Plant to Pump Paradigms

Many biodiesel producers consider their customer lists proprietary, but whether it's a small plant in Texas that has off-take agreements with retail stations in the immediate vicinity, or a large, corporate-owned facility working for ExxonMobil shipping fuel all over, Biodiesel Magazine traces methyl esters from source to spigot.
By Nicholas Zeman | January 19, 2010
The U.S. fuel infrastructure involves an intricate web of highways and rail links, pipelines, truckers, jobbers, vessels, terminals and tank farms. This vast network often includes dozens of independent oil companies in every state that ruthlessly compete for market share at various levels of the supply chain.

Because renewable fuels compete with their petroleum counterparts as "substitutes," biodiesel producers and marketers cannot pass on their transportation costs-if it costs 20 cents-per-gallon to get a load of fuel from the plant to a terminal or an end user, they have to absorb that expense themselves.

Building out infrastructure for renewable fuels has to be done in a way that makes the industries able to compete, function and cooperate with existing modes of liquid fuel transport. Subsequently, biodiesel logistics coordinators-along with states, rail and freighters-have been creative in developing platforms in the industry.

Jerry Wilburn of Double Diamond Energy Inc., a 30 MMgy plant in Dimmit, Texas, told Biodiesel Magazine that retailers from the immediate vicinity come to his plant to pick up biodiesel. That paradigm, however, only works for some plants positioned near demand centers.

Like many of the major oil companies that sell biodiesel, BP and ExxonMobil for instance, most large biodiesel plants such as Double Diamond Energy have to move product out of state to reach areas of high demand. Corroborating Wilburn's statements, however, is the fact that in Texas, the city of Austin alone-with dozens of pumps-is a nice market for area producers. Love's Travel Stops, Signature Fuels and ExxonMobil are among the leading retailers of biodiesel in the state.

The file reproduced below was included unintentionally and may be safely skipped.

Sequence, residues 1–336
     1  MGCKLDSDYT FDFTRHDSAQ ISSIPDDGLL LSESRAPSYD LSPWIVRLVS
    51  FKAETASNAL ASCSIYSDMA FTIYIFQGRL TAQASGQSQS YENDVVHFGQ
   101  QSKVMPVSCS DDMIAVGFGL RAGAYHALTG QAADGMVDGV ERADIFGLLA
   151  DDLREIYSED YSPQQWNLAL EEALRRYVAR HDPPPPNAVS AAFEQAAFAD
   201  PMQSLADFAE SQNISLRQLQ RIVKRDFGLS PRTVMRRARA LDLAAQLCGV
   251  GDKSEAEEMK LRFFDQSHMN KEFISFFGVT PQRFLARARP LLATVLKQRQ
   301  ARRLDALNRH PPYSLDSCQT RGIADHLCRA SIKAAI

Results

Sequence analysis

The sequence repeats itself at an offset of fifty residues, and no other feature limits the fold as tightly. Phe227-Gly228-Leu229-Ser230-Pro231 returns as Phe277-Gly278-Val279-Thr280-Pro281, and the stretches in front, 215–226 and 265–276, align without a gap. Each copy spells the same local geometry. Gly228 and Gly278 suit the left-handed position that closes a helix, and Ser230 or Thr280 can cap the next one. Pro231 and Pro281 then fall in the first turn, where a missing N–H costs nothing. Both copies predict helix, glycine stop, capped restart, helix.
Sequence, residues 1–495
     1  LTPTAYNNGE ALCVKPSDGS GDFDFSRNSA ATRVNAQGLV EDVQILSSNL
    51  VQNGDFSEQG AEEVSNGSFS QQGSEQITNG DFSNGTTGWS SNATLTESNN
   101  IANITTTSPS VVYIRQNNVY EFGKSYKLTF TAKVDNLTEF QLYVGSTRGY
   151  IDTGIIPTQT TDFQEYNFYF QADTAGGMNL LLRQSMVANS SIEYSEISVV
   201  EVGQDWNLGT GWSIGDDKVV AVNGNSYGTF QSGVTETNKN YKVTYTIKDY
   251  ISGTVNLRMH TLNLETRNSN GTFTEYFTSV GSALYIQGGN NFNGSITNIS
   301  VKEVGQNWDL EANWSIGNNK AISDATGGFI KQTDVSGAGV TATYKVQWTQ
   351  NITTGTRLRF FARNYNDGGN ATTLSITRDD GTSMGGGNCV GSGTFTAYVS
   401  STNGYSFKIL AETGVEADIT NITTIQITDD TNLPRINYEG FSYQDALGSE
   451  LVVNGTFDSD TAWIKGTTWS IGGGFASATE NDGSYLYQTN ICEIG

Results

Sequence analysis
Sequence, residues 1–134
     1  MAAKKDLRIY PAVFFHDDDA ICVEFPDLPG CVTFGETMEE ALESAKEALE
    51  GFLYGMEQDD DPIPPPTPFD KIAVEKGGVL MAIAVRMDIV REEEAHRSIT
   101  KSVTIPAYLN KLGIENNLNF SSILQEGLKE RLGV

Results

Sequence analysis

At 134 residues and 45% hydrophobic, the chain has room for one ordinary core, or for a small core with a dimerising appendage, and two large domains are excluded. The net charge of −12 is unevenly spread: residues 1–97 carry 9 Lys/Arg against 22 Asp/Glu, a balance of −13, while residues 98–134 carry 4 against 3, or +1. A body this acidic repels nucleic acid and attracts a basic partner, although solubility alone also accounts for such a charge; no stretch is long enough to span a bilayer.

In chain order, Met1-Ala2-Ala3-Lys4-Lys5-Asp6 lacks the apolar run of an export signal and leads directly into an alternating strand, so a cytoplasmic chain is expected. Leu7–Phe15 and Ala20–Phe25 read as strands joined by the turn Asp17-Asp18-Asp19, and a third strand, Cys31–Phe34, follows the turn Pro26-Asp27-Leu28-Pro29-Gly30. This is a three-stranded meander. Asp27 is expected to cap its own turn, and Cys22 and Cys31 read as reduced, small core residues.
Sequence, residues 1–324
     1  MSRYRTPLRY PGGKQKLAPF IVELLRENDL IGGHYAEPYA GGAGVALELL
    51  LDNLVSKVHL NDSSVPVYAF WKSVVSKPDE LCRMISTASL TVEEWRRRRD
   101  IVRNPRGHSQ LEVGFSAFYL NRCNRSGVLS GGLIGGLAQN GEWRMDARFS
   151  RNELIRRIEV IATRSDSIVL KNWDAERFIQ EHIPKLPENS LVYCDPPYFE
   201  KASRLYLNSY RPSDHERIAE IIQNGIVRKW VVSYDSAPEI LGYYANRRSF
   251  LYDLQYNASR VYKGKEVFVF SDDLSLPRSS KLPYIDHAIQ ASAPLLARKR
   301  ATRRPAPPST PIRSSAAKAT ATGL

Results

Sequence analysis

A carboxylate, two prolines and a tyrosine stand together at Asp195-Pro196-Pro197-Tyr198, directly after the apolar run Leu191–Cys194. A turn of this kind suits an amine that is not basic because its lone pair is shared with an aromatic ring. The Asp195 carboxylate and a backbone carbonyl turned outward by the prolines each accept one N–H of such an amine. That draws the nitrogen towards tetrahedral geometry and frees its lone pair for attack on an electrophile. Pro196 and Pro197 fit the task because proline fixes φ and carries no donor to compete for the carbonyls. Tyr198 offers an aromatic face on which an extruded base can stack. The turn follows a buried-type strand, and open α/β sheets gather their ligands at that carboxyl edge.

National Renewable Energy Laboratory's fairly new TransAtlas tool, which maps retail stations as well as biodiesel production plants, is available to help supply chain managers make the most economical decisions. The interactive map shows that North Carolina has the greatest cluster of biodiesel retail pumps. The U.S. DOE's Alternative Fuels Data Collection service reports that North Carolina leads the U.S. with 137 pumps. States ranked second and third are California and Washington with 51 and 47 pumps, respectively.

Local Model

Plant-to-pump paradigms aren't just about supply and demand and developing shrewd transportation management skills; they can actually be a part of a biodiesel company's core business model and even a part of its overall philosophy. Sometimes biodiesel has to be moved great distances but some production schemes take advantage of outlets in their immediate vicinity. One state that has made this possible is North Carolina. "The [Research] Triangle Area probably has about the greatest density of B100 users in the country," says Marc Dreyfors of Carolina Biodiesel in Durham. A state mandate requires government fleets to use biodiesel, which may have helped position North Carolina in its number one ranking in biodiesel pumps.
Indeed, fleets are some of the biggest customers of biodiesel salesmen and marketers. Large corporations and municipalities often have hundreds of diesel vehicles used in daily operations. The U.S. government is the biodiesel industry's biggest single customer, but more efforts are being made to generate private-sector retail demand.

Carolina Biodiesel delivers fuel via a 2,500-gallon tanker truck for a minimum charge of $45 "or seven cents-per-gallon, whichever is higher," Dreyfors says. In addition, there's no charge if the purchaser picks up the fuel from the terminal or if the tank is part of the Triangle Tank Trail delivery system, developed by Carolina Biodiesel and Piedmont Biofuels. "We can help you set up fuel tanks, deliver fuel to you and even help you work through the first stages of setting up a biofuels co-op," Carolina Biodiesel states. The company also sells and leases fuel tanks. Purchasers, retailers and others in the distribution chain can become a part of the Triangle Tank Trail by joining the Piedmont Biofuels Cooperative.

Carolina Biodiesel does a lot of business with Piedmont Biodiesel, which Dreyfors calls "the granddaddy" of biodiesel in the state. Piedmont engineered and constructed the first B100 fuel terminal in North Carolina. "We can fill top-loading tanker trucks, bottom-loading tractor trailers, 250 gallon totes, 55 gallon drums, and everything in between," the company says. "We can fill a shot glass with B100 if you would like."

Building Demand, Networks